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Mike Rowe on Capitol Hill

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Mike Rowe on Skills Gap: ‘To Make America Great Again, We Have to Make Work Cool Again’

The only way to solve the skills gap in trades such as collision repair is to change America’s fundamental perception of the skilled trades, TV personality Mike Rowe recently told Congress.

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Josh Cable has 17 years of experience as a writer and editor for newspapers, B2B publications and marketing organizations. His areas of expertise include U.S. manufacturing, lean/Six Sigma and workplace safety and health.

Mike Rowe on Capitol Hill

Mike Rowe, the former host of cable TV’s “Dirty Jobs,” talks to Congress about the skills gap, the student-loan bubble and the impact of high schools dropping their vocational programs.

The collision repair industry isn’t the only field struggling with a lack of skilled workers. At the end of 2016, there were 325,000 job openings in U.S. manufacturing, out of 5.5 million total job openings, according to the U.S. Bureau of Labor Statistics.

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About 75 percent of those job openings don’t require a four-year degree – a statistic that’s not lost on actor and TV host Mike Rowe. Rowe, the former host of the Discovery Channel’s “Dirty Jobs,” has been preaching about the skills gap for at least a decade. The problem is, few people outside of the skilled trades seem to be listening.

Rowe has penned letters to the last two presidents, and has testified to Congress on several occasions – most recently on Feb. 28. His message: The only way to solve the skills gap in trades such as collision repair is to change America’s fundamental perception of the skilled trades.

“The core problem is nobody really knows how to talk about the skills gap, because there’s a belief and a narrative in the country that says we can cure unemployment by creating more opportunity, and obviously there’s some truth to it, but the skills gap has nothing to do with unemployment,” Rowe asserted on the Fox News Channel’s “Tucker Carlson Tonight.”

“ … You can have all the opportunity and all the training in the world, but if you don’t have an underlying appreciation for the work – if you’re not talking about jobs that people affirmatively aspire to – you’re gonna be pushing the boulder up the hill, or tilting at the windmill, or whatever self-defeating metaphor makes the most sense to you.

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“It’s a sucker’s bet. You have to be talking about jobs that are uniformly cared about in order to move the needle.”

Rowe asserted that parents, high school teachers and guidance counselors are responsible for creating the perception that blue-collar, skilled trades are less desirable than other jobs. Case in point: Many guidance counselors refer to skilled trades as “alternative careers,” while a four-year degree is considered “higher education.”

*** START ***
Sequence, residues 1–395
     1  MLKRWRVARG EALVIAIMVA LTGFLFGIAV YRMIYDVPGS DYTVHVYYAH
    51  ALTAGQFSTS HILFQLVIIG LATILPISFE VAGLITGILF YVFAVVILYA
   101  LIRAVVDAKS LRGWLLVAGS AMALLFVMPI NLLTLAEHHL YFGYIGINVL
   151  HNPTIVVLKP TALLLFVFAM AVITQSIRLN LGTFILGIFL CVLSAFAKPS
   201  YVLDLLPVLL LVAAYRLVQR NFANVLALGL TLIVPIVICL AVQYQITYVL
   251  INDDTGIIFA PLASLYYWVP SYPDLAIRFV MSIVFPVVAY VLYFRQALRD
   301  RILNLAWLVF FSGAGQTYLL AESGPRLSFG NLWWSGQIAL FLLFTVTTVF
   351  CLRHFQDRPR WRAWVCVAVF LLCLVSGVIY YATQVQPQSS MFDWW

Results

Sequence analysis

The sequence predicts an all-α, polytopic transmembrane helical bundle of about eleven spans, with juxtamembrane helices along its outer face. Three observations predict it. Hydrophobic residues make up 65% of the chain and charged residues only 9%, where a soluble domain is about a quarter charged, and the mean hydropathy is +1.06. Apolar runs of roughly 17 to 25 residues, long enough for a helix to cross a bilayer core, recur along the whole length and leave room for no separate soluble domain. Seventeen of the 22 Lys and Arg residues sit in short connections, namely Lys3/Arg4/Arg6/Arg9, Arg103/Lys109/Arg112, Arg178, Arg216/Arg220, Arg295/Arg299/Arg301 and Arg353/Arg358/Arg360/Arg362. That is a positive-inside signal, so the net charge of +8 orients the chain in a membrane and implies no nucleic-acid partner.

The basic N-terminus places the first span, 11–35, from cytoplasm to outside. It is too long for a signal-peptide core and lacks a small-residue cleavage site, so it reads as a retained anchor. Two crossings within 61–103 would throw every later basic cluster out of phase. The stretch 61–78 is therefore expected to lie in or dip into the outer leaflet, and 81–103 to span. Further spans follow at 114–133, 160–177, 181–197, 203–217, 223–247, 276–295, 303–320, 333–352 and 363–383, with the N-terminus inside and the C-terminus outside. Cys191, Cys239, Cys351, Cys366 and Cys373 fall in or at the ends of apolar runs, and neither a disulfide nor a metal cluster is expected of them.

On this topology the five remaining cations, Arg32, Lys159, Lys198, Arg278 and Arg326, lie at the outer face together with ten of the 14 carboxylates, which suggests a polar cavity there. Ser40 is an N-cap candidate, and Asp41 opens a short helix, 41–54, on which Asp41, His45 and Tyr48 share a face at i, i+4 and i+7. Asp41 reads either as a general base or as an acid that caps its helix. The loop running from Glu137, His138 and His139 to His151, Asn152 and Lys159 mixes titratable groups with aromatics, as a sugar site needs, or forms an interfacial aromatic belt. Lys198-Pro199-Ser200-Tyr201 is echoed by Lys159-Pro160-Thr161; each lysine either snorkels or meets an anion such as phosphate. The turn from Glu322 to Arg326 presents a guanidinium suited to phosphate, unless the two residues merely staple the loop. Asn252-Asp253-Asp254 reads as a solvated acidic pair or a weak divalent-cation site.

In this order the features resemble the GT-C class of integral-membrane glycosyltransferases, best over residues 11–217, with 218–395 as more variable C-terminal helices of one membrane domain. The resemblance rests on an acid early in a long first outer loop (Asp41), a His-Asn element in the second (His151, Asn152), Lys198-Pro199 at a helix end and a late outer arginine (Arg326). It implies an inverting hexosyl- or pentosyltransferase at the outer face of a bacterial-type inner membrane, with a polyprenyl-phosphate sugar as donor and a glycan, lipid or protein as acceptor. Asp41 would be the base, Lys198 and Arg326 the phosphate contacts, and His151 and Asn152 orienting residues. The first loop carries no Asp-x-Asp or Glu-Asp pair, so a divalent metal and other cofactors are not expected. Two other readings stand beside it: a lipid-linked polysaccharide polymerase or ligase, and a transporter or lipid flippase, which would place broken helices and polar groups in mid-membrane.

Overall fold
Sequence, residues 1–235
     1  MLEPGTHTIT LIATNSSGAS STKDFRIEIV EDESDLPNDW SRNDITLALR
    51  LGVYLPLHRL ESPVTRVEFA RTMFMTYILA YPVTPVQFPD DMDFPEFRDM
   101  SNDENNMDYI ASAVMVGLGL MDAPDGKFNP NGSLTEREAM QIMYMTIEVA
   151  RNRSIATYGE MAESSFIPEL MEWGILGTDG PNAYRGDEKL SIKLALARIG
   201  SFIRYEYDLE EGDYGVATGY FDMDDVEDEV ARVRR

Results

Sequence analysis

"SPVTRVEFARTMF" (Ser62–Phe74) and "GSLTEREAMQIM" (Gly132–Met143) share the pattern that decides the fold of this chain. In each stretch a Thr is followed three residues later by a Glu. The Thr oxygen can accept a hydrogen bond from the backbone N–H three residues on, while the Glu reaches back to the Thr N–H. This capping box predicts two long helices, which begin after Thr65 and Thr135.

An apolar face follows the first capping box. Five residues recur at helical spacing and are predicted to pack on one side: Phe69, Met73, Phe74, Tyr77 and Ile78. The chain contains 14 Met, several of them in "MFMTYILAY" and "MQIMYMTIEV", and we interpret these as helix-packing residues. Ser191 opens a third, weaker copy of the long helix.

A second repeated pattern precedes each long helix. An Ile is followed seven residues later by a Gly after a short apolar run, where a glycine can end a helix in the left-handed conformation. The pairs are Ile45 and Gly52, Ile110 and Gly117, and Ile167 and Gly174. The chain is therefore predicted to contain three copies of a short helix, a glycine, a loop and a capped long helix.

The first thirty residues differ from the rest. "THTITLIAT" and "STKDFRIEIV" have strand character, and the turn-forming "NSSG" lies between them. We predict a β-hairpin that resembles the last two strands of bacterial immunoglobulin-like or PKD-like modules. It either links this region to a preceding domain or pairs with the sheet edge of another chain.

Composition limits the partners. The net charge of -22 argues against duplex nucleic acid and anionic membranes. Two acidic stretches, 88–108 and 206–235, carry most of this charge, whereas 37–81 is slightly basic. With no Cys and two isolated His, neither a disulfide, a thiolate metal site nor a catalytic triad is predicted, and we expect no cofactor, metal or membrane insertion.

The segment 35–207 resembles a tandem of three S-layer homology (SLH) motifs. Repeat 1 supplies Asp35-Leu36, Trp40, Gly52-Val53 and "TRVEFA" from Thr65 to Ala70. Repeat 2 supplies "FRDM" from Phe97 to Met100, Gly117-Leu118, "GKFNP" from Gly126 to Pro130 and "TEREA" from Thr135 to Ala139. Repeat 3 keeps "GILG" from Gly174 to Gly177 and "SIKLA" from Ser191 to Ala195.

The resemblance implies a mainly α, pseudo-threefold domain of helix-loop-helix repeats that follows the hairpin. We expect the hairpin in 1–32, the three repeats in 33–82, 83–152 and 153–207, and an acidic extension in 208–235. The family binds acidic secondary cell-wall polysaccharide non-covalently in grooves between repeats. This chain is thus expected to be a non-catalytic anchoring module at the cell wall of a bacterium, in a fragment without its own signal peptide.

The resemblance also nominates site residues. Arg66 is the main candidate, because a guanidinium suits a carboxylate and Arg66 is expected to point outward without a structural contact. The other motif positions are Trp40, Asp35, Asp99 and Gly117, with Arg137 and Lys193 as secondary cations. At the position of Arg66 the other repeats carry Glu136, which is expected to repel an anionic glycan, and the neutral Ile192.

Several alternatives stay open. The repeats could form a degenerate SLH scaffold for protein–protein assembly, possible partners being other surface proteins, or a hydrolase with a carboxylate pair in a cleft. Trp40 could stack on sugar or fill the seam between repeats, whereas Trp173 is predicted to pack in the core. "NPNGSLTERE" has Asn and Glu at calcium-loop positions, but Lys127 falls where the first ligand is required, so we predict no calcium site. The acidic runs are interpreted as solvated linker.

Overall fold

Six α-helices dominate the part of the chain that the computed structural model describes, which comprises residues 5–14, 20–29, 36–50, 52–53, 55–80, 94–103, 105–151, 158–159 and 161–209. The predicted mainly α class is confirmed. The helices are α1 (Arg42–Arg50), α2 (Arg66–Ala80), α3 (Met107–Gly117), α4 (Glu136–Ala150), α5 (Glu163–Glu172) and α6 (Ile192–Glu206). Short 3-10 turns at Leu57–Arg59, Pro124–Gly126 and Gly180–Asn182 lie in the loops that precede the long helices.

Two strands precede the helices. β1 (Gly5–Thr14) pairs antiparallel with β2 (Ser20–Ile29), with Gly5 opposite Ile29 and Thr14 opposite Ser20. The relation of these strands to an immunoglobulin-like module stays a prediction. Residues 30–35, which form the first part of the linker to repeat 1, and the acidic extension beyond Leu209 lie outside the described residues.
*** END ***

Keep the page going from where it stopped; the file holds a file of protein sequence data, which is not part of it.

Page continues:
“There’s a long list of stuff we can’t control, but it is completely in our power to decide what the definition of a good job is,” Rowe told Tucker Carlson. “That’s up to us.”

No More Shop Class in High School

Rowe eloquently conveyed his position during a Feb. 28 meeting of the House Committee on Education and the Workforce. The theme of the hearing: “Providing More Students a Pathway to Success by Strengthening Career and Technical Education.”

Rowe told Congress that the student-loan bubble – which is up to $1.3 trillion – is on the verge of bursting, “and yet we continue to lend money we don’t have to kids who can’t pay it back.”

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At the same time, most high schools have cast aside vocational education, “as millions of Americans still view a career in the trades as some kind of vocational consolation prize.”

The situation “poses a clear and present danger to our country’s overall economic security,” Rowe asserted.

“When we took shop class out of high school, we sent an unmistakable message to an entire generation of students,” Rowe said. “We told them – no, we showed them – that a whole category of jobs was simply not desirable. Is it any wonder those are the very jobs that go begging today?

“The skills gap will never close until that perception is corrected, and the cost of college will never come down if we keep telling people that a four-year degree is their only hope of being successful. We need an educational system that re-embraces and reaffirms the importance of the vocational arts. It’s not simple, just basic. If we want to make America great again, we have to make work cool again.”

In addition to his speaking engagements and TV appearances, Rowe leads the mikeroweWORKS Foundation, which awards scholarships to students pursuing a career in the skilled trades.

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